Could you have hepatitis? The best-known symptom of this liver condition is jaundice, which can make your skin or the whites of your eyes turn yellow.
But not everyone who has hepatitis gets jaundice. You might just feel like you have the flu. And there are a lot of other common symptoms, too.
And sometimes, people have no symptoms at all. To be sure you have hepatitis, you need to be tested.
Types of Hepatitis
There are several types of hepatitis, each with its own symptoms, treatment, and outcome. The most common type of hepatitis is viral hepatitis. The hepatitis viruses are known as hepatitis A, B, C, D and E. Types A, B and C are the most common in the United States. Only people who already have hepatitis B can get type D.
No matter which type you have, viral hepatitis attacks the liver. It may last a short while or for the rest of your life, depending on the kind you have. It may cause severe liver damage that could require a transplant, or it may have much milder effects.
How Does Hepatitis Spread?
There are several ways people can transmit hepatitis to someone else.
Hepatitis A and E are spread from person to person through contaminated food or water.
Hepatitis B, C, and D are spread through contact with blood from someone who has it. For example, it can happen to:
- A drug user who shares needles
- A health care worker who gets stuck by needles containing infected blood
- A person who shares razors or toothbrushes
- A customer who gets a tattoo or piercing at a shop that doesn’t clean its tools properly
Hepatitis B can be spread through sexual contact with someone who has the condition. In a small number of cases, hepatitis C is spread through sexual contact, as well.
Hepatitis B and C can be spread from mother to baby in childbirth.
What Are the Symptoms?
Some people who have some form of hepatitis feel like they have the flu -- weak, tired, and sick to their stomach. Many people have mild or no symptoms at all, which is why hepatitis is sometimes called a “silent” disease. Other people have yellow skin or dark-colored urine.
These symptoms are common for many types of hepatitis:
- Feeling very tired (fatigue)
- Loss of appetite
- Nausea and vomiting
- Stomach pain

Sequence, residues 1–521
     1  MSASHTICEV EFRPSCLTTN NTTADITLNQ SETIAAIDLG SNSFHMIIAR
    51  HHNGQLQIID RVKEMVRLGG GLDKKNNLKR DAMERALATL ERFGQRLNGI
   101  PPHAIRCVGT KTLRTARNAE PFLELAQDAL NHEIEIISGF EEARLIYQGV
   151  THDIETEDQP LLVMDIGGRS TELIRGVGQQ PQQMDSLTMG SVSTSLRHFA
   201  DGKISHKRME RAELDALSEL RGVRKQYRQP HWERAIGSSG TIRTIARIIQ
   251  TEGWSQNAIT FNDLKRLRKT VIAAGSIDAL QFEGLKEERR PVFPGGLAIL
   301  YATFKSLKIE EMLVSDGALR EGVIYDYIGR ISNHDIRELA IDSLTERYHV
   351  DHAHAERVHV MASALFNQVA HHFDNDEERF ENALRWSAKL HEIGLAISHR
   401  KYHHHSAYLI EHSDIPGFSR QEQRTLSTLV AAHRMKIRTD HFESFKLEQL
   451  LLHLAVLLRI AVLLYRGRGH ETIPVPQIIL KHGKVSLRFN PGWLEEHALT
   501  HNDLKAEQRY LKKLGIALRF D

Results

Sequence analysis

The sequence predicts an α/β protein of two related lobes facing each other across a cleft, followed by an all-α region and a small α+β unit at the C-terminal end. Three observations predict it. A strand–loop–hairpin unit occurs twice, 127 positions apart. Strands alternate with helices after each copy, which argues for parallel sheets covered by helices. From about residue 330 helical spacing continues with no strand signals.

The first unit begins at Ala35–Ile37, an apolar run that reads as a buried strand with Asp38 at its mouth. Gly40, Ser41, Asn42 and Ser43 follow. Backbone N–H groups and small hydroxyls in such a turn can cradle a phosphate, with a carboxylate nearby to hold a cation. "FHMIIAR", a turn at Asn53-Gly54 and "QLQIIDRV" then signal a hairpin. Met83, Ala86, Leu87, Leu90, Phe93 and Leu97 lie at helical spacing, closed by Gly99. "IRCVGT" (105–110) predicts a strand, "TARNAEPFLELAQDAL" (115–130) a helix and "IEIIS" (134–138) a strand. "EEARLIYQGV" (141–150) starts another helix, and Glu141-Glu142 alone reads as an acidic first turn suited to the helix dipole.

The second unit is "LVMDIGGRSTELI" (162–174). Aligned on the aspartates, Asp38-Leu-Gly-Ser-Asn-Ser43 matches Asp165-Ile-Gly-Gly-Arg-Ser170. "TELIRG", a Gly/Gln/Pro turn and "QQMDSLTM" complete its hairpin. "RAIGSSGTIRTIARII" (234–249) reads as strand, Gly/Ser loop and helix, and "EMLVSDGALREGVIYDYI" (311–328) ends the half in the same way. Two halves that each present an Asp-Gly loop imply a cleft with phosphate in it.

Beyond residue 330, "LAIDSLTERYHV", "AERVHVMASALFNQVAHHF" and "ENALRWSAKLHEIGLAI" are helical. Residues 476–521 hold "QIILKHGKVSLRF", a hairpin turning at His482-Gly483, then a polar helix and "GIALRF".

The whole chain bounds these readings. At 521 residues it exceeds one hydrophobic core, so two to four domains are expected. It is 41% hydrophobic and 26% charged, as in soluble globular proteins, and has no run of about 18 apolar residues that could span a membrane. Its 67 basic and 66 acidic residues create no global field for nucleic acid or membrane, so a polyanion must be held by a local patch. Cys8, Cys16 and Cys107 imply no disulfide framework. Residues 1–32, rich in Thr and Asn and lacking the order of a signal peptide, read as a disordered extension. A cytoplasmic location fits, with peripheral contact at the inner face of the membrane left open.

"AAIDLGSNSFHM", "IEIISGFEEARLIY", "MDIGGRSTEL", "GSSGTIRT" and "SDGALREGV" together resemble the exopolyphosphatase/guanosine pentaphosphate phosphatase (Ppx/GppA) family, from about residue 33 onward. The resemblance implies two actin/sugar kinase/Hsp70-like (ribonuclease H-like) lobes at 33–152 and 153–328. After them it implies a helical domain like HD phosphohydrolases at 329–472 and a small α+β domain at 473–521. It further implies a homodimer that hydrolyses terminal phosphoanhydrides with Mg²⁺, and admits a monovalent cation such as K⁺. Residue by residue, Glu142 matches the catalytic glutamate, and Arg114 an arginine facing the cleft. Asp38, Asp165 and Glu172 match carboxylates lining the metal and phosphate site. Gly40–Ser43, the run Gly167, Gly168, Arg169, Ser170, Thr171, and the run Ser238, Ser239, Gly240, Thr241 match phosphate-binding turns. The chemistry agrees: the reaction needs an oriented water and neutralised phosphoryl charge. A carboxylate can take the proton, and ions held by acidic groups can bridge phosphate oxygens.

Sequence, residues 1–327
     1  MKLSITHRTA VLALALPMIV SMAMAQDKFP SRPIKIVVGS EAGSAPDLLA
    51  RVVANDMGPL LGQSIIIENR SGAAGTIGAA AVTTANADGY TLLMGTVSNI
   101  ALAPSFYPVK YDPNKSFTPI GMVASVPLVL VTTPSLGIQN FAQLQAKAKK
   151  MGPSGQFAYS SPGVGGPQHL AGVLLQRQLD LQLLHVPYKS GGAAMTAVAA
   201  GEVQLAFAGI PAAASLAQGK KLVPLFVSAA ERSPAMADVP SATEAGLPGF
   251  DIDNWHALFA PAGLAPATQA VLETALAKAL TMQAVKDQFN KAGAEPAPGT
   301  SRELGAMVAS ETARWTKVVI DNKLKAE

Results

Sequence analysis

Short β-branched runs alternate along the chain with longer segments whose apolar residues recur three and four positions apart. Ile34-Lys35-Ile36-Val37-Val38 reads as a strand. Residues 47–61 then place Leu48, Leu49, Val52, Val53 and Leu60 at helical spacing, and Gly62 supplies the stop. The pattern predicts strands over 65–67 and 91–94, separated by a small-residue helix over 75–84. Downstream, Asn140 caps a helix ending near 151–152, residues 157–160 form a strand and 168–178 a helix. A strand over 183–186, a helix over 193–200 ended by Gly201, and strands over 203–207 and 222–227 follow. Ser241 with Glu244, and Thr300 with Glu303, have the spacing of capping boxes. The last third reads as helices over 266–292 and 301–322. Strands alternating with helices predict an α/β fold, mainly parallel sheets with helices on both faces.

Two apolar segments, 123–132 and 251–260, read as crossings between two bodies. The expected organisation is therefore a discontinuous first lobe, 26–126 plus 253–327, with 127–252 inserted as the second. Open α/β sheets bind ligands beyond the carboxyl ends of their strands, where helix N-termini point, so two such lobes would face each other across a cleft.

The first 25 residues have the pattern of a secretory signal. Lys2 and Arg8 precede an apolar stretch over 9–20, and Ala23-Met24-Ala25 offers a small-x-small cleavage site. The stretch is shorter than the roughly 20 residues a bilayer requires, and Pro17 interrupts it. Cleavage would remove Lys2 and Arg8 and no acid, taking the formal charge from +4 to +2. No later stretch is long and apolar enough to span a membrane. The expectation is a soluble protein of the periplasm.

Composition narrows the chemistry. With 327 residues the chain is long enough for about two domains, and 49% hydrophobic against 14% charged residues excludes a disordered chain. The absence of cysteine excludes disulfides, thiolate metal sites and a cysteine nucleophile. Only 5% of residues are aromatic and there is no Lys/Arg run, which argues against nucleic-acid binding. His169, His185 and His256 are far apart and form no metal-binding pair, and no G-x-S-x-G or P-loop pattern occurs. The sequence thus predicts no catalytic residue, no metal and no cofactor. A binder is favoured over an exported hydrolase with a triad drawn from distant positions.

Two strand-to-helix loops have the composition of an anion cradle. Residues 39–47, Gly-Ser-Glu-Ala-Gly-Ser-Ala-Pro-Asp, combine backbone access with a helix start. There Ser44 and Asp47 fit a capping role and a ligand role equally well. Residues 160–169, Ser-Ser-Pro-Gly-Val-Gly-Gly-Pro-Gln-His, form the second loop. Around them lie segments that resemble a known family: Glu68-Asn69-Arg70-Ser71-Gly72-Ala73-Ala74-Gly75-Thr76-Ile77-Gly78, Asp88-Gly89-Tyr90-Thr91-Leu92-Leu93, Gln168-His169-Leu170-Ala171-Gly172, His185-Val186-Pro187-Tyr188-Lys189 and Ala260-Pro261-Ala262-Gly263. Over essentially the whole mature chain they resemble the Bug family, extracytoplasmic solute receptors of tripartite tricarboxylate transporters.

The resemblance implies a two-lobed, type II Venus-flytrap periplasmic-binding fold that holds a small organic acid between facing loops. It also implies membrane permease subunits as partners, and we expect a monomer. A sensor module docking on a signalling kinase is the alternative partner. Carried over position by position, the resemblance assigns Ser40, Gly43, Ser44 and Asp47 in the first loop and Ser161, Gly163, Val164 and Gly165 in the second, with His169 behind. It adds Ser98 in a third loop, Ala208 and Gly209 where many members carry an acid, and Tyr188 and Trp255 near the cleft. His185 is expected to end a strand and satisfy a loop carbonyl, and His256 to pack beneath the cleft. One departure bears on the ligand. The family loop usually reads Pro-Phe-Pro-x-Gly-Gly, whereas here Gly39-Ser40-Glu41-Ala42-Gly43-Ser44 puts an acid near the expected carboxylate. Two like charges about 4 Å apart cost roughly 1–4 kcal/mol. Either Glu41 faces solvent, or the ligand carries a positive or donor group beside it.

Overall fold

- Dark-colored pee
- Light-colored bowel movements
- Jaundice, which is when skin or the whites of the eyes turn yellow
- Joint pain
Should I Get Tested?
If your doctor thinks you have hepatitis, there are blood tests to tell if you have types A, B, C, or D. You should get lab results back within a few days.
Some types of hepatitis get better on their own. Others turn into chronic cases and can damage the liver and cause liver cancer. If your doctor thinks you could have chronic hepatitis B or C, he may perform a liver biopsy. That means he'll remove a very tiny piece of your liver with a needle, then send it off to a lab to check for liver damage.
The sooner you're tested for a chronic form of hepatitis, the sooner you can take medicine to reduce or stop the damage the virus can cause to your liver.
Many people with hepatitis C don't have any symptoms, so they don't know they're infected. That’s why it’s so important to see a doctor and get tested. Chronic hepatitis C testing is recommended for anyone who:
- Was born from 1945 through 1965
- Received blood-clotting factor drugs before 1987
- Received blood transfusions or an organ transplant before 1992
- Has been on dialysis for many years
- Injected illegal drugs, even once
- Is HIV-positive
- Has a known exposure to hepatitis C (such as a health care worker stick by a needle with blood that is hepatitis C-positive or received an organ or blood transfusion from a donor who is hepatitis C positive)
- Was born to a mother who had hepatitis C
Will I Need Treatment?
Whether you’re treated for hepatitis depends on the type you have.
Hepatitis A or E: You should expect the disease to go away on its own within several weeks or months.
Acute hepatitis B or C: Sometimes, hepatitis B or C goes away on its own within a few months, although that’s less likely to happen with hepatitis C.
Chronic hepatitis B, C, or D: Your doctor will most likely prescribe medicine to treat your condition. And there are drugs available now that may even cure chronic hepatitis C. Vaccines for hepatitis A and B can help protect people at risk for hepatitis before they are exposed. They can also help protect patients with chronic hepatitis C.